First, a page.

This corner of the country feels like a cherished family heirloom. The color palette resonates with my only sense of familiarity. Maybe it is my fixation on the colors themselves that buffer any sense of grief I carry towards instability.  None of us in my family have claimed permanency in structure. Yet, my grandmother’s home is a sanctuary.
this house has recently been demolished
Psych-o-rangE Aug 2023
1 I attended with my new suit
1 I barely made it to and back
1 I watched from a screen
1 I missed the train
1 I've been preparing for

2018-2023, 5 years.

I'm 25 years old
My dads getting old too
My mom I had to convince to come
Eyes of familiar faces to watch me stand or stumble
I just want you all to know, no matter what, I love you

A son, step-son, brother, half-brother, nephew, grandson, grand nephew, boyfriend, partner in this same suit
You made me who I am

Farmor, especially you.
Farmor means father's mother/grandmother in Swedish
Anais Vionet Jul 2023
It was a cool, overcast and windy Sunday morning in March 2014. We were about 50 miles from Paris, at my Grandmère’s (grandmother’s) farm. She lives in Paris, but she owns a Château and surrounding 1,100-hectare farm that she calls her “fall retreat.”

Between three and five hundred people work on the farm, the Château and its surrounding shops (some work is seasonal). The shops sell wool, cheese, wine and ice cream produced on the farm, as well as touristy things. Many of the employees live on the farm, rent free. Their homes, owned by the farm, form a hameau (village). I didn’t understand much of this at the time, I was 10 years old.

My Grandmère was dedicating a new store just off the village green. The green wasn’t square, like those in the UK and it didn’t have swings or a slide, as I’d hoped. You’d think I’d know a hamlet my Grandmère owned but this place was alien to me. I’d arrived as part of her entourage but as the presentation ground on, I got bored. So, I took Charles by the hand and off we went.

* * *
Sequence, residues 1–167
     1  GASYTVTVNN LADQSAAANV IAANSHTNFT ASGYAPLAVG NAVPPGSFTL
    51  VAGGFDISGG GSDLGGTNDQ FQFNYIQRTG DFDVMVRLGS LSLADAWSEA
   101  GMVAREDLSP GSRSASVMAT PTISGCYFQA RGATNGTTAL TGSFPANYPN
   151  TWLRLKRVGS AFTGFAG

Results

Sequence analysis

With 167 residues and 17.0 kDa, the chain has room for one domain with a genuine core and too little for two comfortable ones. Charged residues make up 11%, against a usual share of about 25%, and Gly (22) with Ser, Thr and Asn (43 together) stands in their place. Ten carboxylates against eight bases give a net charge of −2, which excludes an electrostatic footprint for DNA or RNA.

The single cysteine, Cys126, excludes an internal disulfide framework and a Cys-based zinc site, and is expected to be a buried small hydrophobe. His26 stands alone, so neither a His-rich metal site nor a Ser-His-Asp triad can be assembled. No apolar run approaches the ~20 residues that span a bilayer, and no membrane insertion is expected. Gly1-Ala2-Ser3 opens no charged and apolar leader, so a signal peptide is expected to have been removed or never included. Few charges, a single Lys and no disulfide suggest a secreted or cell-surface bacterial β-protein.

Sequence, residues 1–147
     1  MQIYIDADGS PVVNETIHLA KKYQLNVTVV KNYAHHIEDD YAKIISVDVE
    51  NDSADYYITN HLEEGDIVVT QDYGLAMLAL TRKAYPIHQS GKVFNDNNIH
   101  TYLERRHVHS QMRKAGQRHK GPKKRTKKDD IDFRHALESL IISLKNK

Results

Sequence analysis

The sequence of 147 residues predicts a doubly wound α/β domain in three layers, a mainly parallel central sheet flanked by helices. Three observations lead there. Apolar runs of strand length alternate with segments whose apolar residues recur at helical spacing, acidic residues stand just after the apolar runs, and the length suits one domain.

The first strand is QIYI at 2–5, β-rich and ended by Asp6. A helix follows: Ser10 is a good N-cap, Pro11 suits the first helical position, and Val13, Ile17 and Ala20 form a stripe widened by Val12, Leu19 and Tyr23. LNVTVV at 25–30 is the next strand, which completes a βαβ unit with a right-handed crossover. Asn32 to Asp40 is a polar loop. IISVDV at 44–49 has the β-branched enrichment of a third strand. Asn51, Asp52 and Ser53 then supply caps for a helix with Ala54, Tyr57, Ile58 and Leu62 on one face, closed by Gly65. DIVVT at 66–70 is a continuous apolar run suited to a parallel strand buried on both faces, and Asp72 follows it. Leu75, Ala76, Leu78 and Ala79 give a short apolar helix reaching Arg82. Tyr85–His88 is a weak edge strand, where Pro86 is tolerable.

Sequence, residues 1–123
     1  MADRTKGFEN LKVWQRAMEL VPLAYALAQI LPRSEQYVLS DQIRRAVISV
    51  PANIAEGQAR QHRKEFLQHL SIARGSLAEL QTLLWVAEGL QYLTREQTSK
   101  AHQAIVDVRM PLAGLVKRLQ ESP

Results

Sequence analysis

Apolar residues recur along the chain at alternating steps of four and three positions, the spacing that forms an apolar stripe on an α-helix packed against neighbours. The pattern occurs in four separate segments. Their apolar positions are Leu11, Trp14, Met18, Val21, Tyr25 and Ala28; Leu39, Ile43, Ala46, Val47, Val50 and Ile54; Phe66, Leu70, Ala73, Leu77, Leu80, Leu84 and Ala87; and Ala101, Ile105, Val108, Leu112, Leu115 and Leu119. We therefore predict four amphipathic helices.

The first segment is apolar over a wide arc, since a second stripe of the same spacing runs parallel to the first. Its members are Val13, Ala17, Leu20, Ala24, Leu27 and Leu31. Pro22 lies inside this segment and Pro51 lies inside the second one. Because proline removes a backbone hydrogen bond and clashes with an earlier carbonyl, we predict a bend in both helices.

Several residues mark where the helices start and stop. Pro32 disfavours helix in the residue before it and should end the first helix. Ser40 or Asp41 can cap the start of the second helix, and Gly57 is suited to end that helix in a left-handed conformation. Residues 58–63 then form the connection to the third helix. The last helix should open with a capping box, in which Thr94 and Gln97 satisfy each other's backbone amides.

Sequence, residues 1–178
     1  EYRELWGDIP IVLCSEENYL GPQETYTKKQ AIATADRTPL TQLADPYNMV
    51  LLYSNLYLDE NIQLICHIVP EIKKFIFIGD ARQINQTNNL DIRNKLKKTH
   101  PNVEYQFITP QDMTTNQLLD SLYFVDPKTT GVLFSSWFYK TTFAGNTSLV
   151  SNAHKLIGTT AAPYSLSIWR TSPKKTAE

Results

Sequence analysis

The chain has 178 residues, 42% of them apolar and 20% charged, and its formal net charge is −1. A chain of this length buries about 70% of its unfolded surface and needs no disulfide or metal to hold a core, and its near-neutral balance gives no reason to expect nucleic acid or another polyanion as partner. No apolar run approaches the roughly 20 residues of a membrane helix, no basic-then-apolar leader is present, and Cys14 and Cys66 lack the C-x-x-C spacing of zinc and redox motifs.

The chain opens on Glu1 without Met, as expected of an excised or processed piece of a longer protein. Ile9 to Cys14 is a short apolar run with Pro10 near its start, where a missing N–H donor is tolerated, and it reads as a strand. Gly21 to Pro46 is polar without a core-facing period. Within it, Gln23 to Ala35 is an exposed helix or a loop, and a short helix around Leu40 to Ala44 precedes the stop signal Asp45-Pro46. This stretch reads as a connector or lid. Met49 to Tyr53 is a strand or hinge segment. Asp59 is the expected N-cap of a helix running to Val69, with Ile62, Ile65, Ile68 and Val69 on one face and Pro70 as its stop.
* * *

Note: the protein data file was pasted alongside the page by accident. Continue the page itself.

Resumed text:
We (my little nuclear family) were living in the UK then and we were visiting Paris for the Easter holiday. The fall before, as the school year had started, a girl in my grade (4th grade or year 5 in the UK) had been kidnapped and murdered on her way home from school. My Grandmère was “having none of it,” and hired Charles, a burly, red-headed, just retired, ex-NYC cop, as my security, escort and practical nanny. He’d been with me for about half a year, at that point, and we’d become fast friends.

It was the height of the pre-summer, Easter season. In addition to the villagers, there were tourists everywhere, picnicking on the grass, visiting the shops and playing football (soccer). Most of the tourists seemed to have small children that ran around. The townspeople sat on benches, eating ice creams and playing dominoes or quoits, a horseshoes-like game, played on a sand pitch.

You couldn’t mistake the two groups - the natives and the tourists. The towns folk were plainly dressed, the women in simple smocks and sweaters, the men wearing slacks, tweed jackets, berets or tag hats. The tourists spoke other languages - there were Italians, Britts, Germans and even Americans - who wore sports logoed t-shirts, shorts, sneakers and baseball caps.

As Charles and I wandered around the village, I asked, “Can we get a sirop?” One of the most popular drinks, in France, is a grenadine sirop (soda). We stopped and as Charles bought us drinks, I wandered a way off. He found me, moments later, hanging from a tree limb, upside down, my hair sweeping the grass like a broom.

“Stop that,” he’d said, swooping me up and off the branch with his soda free hand and setting me alright. As he picked leaves out of my hair, he said, “Don’t wander away from me like that, you know better.” “Yes sir” I agreed. A moment later, he picked me up and placed me atop a low, four-foot parapet wall that ran around the village. I could feel sharp, rough stone edges through my cotton dress but I drank my sirop and didn’t complain.

“You saved me from the dragon,” I said, after my first few sips.
“What dragon?” he said.
“The dragon that had me in its teeth, over there.” I pointed at the tree where I’d been upside down.
“I saved you from yourself,” he said, as he looked around the square.
“That’s silly,” I announced, “how can someone need saving from themselves?”
“Oh, It happens all the time,” he said.